IRELAND’S manufacturing sector contracted at the slowest pace in June since September, with fragile domestic demand somewhat offset by the slower decline of new export business, a survey showed yesterday.
The NCB Purchasing Managers’ Index (PMI), which measures Irish manufacturing activity, rose for the fourth consecutive month to 42.5 in June from 39.4 in May but remained well below the 50.0 mark separating growth from contraction.
“Even when the PMI does breach the 50 mark it is highly unlikely to be matched by a rise in employment in the sector,” said, NCB Stockbrokers economist Brian Devine.
The latest round of redundancies signalled by respondents was the smallest since last November, but employment continued to decrease at a “severe” pace, said Markit, which compiles the data.
Data on Tuesday showed the slide in Ireland’s GDP eased in the first quarter as a resilient export sector helped partly offset plunging consumption.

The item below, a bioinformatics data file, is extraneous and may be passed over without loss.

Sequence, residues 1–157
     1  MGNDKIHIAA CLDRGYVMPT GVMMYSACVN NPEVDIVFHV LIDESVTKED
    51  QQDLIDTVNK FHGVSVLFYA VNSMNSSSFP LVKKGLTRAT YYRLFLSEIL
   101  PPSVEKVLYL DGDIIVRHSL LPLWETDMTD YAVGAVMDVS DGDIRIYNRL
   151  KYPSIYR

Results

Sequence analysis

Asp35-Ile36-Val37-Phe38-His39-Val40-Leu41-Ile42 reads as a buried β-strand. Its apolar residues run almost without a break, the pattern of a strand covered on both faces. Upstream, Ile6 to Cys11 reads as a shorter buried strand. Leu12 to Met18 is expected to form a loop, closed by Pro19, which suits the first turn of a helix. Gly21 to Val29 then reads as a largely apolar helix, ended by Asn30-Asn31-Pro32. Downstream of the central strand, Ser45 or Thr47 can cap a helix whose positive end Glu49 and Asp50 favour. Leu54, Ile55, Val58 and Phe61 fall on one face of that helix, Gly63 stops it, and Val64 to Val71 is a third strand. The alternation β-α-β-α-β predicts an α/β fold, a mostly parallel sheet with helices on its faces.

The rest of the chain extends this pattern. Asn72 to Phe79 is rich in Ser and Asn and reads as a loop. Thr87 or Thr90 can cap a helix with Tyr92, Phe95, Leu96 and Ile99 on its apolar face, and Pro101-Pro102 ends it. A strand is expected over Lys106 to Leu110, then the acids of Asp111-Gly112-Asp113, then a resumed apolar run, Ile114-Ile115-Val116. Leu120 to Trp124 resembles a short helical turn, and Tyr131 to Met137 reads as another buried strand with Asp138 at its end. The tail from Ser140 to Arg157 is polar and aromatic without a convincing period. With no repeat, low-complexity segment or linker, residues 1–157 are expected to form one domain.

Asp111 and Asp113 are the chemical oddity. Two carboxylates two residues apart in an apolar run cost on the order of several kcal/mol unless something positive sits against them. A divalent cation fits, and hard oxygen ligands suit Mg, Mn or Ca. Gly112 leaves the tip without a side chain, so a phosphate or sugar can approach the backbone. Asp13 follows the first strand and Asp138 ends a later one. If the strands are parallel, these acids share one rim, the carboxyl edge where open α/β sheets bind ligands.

But with GDP still falling 8.5% in the first quarter from a year ago, the start of economic recovery was still seen about two years away.
The PMI’s output component rose to 44.7 in June from 40.4 in May, indicating continued contraction but still the best performance for 10 months.
“Fragile demand, particularly from domestic sources, continued to negatively impact on new orders,” Markit said.
New export orders still fell “solidly” in June, though less sharply than overall new business and slower than in any of the preceding nine months, it said.
“Anecdotal evidence suggested that global demand remained weak, with some reports that the relative strength of the euro against sterling made it harder to secure business from the UK,” Markit said.